Thursday, October 19, 2006

ROUNDHOUSE ROUNDUP: TEARING DOWN NEW MEXICO

A version of this was published in The Santa Fe New Mexican
October 1, 2006


Democrats get angry when high-level administration figures say or imply that it’s unpatriotic and harmful to America to criticize President Bush’s Iraq policies.

The anger is justified.

Criticizing the government and any politician, high or low, is one of those rights, to steal a line from Merle Haggard, that our fightin’ men have fought and died to keep.

But here in New Mexico, where our chief executive is a Democrat, the proverbial shoe is on the other foot.

For several weeks now, when asked about Gov. Bill Richardson’s refusal to debate Republican challenger John Dendahl, Richardson’s campaign brass have said all Dendahl wants to do is “tear down New Mexico.”

Tear down New Mexico. Like some crazed Godzilla knocking over buildings, stepping on cars and breathing fire on anything in his way.

When I first read this, in a quote by Richardson campaign chairman Dave Contarino, it took me aback. But giving him the benefit of the doubt, I initially figured it probably was just overheated campaign rhetoric said spontaneously. Surely he didn’t seriously mean it.

But since then, I’ve read it elsewhere and heard it from campaign officials.

Tuesday night, after Dendahl’s 30-minute primetime interview on KOB, Richardson campaign manager Amanda Cooper said it again. She said Dendahl had used his time on TV to “tear down New Mexico.”

I’d been there in the television studio watching the program — which came about because Dendahl had accepted KOB’s invitation for a debate and Richardson had not.

Dendahl indeed did his best to “tear down” Richardson. He called him a “dictator.” He said he was “two-faced.” He said Richardson was corrupt and compared him to former Treasurer Robert Vigil.

He refrained from calling Richardson a “300-pound chicken.” He probably knows he’s gotten enough mileage out of that line.

Dendahl criticized Richardson’s plans, projects and policies, including the spaceport, the Rail Runner and the state investing in the movie industry.

You might disagree with what Dendahl says and stands for. You might not like his style. You might think he’s too harsh on Richardson — though some say he hasn’t been harsh enough.

But I was there. I was listening closely and taking notes. I didn’t hear him tear down New Mexico.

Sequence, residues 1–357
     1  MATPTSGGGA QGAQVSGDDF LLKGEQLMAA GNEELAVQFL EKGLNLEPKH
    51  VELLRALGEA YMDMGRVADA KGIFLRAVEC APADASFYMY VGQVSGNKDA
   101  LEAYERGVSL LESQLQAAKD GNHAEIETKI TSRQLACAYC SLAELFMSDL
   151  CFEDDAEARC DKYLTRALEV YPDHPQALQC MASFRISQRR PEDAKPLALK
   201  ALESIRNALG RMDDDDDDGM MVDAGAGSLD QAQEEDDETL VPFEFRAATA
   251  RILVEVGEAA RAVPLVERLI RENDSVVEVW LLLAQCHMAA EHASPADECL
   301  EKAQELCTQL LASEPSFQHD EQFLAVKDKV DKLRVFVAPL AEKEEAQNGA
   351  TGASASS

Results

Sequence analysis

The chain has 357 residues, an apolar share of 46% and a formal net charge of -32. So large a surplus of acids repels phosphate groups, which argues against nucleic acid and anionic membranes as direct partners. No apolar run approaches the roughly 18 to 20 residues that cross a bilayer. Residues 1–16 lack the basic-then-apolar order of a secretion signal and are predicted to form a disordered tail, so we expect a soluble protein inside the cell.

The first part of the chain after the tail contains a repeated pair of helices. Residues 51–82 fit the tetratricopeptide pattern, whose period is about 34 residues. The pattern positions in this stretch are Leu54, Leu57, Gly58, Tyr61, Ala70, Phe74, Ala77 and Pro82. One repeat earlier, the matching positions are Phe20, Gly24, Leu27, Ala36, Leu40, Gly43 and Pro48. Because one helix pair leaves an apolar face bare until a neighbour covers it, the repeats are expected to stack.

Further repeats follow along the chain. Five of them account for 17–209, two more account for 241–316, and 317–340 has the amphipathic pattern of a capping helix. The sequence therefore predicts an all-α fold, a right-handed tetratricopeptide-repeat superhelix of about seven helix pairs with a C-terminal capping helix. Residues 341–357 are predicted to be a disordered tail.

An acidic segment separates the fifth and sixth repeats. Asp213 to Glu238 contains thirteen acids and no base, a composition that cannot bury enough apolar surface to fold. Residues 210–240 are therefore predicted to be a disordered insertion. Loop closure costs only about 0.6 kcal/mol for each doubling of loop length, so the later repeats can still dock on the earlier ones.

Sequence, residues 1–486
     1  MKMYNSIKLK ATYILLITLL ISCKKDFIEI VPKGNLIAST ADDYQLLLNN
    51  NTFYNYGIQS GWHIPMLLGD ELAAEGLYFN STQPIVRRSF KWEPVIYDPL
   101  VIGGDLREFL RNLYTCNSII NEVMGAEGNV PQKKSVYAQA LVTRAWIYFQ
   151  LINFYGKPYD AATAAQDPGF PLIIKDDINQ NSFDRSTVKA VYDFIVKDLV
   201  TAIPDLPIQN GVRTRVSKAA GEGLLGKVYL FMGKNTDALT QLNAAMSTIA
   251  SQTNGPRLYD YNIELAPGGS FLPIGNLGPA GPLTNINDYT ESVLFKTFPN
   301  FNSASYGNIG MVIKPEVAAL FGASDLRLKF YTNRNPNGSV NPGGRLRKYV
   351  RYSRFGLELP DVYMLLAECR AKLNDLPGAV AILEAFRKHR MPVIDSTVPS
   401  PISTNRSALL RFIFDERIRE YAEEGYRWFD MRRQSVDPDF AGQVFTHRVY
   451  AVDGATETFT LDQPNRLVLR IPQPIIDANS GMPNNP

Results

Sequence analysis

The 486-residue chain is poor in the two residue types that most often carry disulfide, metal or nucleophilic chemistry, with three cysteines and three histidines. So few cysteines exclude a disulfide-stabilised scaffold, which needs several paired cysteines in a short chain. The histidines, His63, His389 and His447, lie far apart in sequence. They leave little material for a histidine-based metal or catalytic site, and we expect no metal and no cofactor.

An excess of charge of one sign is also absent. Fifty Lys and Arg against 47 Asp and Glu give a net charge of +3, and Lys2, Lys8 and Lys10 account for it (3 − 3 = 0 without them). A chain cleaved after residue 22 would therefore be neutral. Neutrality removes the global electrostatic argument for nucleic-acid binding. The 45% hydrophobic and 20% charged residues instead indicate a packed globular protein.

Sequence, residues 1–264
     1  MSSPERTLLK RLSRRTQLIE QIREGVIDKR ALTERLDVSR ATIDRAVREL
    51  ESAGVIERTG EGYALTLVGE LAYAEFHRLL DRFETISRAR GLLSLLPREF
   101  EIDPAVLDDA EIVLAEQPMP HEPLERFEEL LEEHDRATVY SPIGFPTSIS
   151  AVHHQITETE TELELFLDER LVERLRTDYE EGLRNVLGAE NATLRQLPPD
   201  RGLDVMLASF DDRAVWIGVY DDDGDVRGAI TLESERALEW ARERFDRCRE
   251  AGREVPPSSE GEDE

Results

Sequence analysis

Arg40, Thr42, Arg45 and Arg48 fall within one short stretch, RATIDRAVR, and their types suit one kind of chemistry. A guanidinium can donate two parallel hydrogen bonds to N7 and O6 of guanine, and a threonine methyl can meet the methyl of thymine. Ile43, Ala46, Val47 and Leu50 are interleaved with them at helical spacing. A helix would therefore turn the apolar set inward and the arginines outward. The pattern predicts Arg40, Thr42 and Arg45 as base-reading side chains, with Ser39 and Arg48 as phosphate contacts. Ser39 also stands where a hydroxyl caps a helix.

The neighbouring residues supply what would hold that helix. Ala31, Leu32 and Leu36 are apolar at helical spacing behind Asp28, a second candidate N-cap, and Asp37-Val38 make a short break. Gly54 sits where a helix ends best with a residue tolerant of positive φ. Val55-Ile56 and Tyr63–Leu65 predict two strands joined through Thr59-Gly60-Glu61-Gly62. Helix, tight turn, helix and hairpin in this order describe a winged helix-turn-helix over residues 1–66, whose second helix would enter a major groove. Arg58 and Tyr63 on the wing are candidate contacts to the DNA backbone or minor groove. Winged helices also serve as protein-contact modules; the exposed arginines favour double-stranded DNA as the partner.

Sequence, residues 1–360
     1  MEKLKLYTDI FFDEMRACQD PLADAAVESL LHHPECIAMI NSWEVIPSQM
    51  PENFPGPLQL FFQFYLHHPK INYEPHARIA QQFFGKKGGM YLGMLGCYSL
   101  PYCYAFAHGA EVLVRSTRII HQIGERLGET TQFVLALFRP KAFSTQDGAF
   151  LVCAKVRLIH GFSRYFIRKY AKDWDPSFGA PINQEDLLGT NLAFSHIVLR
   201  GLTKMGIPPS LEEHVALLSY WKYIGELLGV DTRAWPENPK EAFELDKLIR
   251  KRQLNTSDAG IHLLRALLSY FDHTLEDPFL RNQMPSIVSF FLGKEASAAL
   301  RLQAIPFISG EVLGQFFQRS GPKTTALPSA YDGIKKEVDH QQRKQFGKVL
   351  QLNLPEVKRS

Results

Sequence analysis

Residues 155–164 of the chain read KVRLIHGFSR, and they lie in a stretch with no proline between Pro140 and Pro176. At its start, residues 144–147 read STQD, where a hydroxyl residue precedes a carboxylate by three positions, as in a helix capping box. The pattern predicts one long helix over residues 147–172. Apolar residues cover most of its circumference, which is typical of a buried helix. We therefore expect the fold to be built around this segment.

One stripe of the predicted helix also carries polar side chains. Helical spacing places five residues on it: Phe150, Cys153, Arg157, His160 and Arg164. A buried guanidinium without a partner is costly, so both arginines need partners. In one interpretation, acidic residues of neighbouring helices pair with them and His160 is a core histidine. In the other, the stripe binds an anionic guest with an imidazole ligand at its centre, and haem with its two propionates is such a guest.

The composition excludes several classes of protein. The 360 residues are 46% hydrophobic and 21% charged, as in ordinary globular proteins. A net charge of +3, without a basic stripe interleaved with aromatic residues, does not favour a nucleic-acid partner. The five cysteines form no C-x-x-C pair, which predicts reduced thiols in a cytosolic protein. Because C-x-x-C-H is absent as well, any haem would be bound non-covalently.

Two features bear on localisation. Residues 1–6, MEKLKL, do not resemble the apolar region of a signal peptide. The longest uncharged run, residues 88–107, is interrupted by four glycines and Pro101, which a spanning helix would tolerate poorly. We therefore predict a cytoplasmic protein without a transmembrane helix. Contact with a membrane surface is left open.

So let’s get it straight: George Bush is not America, and Bill Richardson is not New Mexico.

I “heart” debates: I have to admit, as a self-confessed political junkie, I like going to public debates. Even when the responses are canned and the rhetoric is stale.

I like seeing the supporters of both candidates — and the few stray civic-minded undecideds — filling an auditorium.

I like the anticipation, waiting for a candidate to break out of the polite happy talk and confront his or her opponent with some unpleasant difference between them.

And I like seeing how the confronted candidate responds. Will he have a good counterargument and turn it around? Will he fall back on some tired slogan and choke?

Of course, there won’t be any of that in the Richardson/Dendahl race.

I thought it was great that KOB offered Dendahl and Congressional District 2 Democratic challenger Al Kissling primetime slots this week. (Incumbent GOP Rep. Steve Pearce, like the governor, has refused to debate his opponent on live television.)

In fact, I thought news anchor Carla Aragon had the best line of the night during the Dendahl segment when she said of the show, “It’s a service to the voters.” This might just seem like TV news patter except for the fact that the Richardson campaign repeatedly has said it would be a “disservice to the voters” to debate Dendahl on television.

But it just wasn’t the same as a real debate.

KOB’s original plan was to hold the debate at the Kimo Theatre in Albuquerque, with each side getting tickets for more than 100 supporters. Questions would have come from a panel of reporters and the audience. And the real fun — the candidates would have been given time to ask questions of each other.

Instead, the “one-man debate” was held in a studio, where the only live audience, besides the TV crew, was Dendahl’s wife, Jackie, a New Mexican photographer and myself.

And nobody had to remind us not to cheer or boo.

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